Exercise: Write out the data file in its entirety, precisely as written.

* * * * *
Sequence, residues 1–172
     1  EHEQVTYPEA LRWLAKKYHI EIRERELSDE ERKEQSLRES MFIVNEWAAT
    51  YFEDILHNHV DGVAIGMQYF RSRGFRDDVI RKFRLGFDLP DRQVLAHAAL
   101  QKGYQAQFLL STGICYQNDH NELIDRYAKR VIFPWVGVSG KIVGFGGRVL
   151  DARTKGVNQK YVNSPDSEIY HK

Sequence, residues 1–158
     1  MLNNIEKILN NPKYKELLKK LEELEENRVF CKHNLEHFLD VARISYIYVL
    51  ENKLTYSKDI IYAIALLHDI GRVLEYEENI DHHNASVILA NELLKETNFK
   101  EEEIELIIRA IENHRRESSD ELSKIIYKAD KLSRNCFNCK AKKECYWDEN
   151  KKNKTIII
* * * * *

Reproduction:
Sequence, residues 1–172
     1  EHEQVTYPEA LRWLAKKYHI EIRERELSDE ERKEQSLRES MFIVNEWAAT
    51  YFEDILHNHV DGVAIGMQYF RSRGFRDDVI RKFRLGFDLP DRQVLAHAAL
   101  QKGYQAQFLL STGICYQNDH NELIDRYAKR VIFPWVGVSG KIVGFGGRVL
   151  DARTKGVNQK YVNSPDSEIY HK

Sequence, residues 1–158
     1  MLNNIEKILN NPKYKELLKK LEELEENRVF CKHNLEHFLD VARISYIYVL
    51  ENKLTYSKDI IYAIALLHDI GRVLEYEENI DHHNASVILA NELLKETNFK
   101  EEEIELIIRA IENHRRESSD ELSKIIYKAD KLSRNCFNCK AKKECYWDEN
   151  KKNKTIII